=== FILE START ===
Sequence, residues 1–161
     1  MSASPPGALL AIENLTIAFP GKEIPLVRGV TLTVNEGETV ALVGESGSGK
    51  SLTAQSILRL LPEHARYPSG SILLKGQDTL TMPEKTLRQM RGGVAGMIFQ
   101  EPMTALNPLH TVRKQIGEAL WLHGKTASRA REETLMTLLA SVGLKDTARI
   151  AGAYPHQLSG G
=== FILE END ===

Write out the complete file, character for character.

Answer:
Sequence, residues 1–161
     1  MSASPPGALL AIENLTIAFP GKEIPLVRGV TLTVNEGETV ALVGESGSGK
    51  SLTAQSILRL LPEHARYPSG SILLKGQDTL TMPEKTLRQM RGGVAGMIFQ
   101  EPMTALNPLH TVRKQIGEAL WLHGKTASRA REETLMTLLA SVGLKDTARI
   151  AGAYPHQLSG G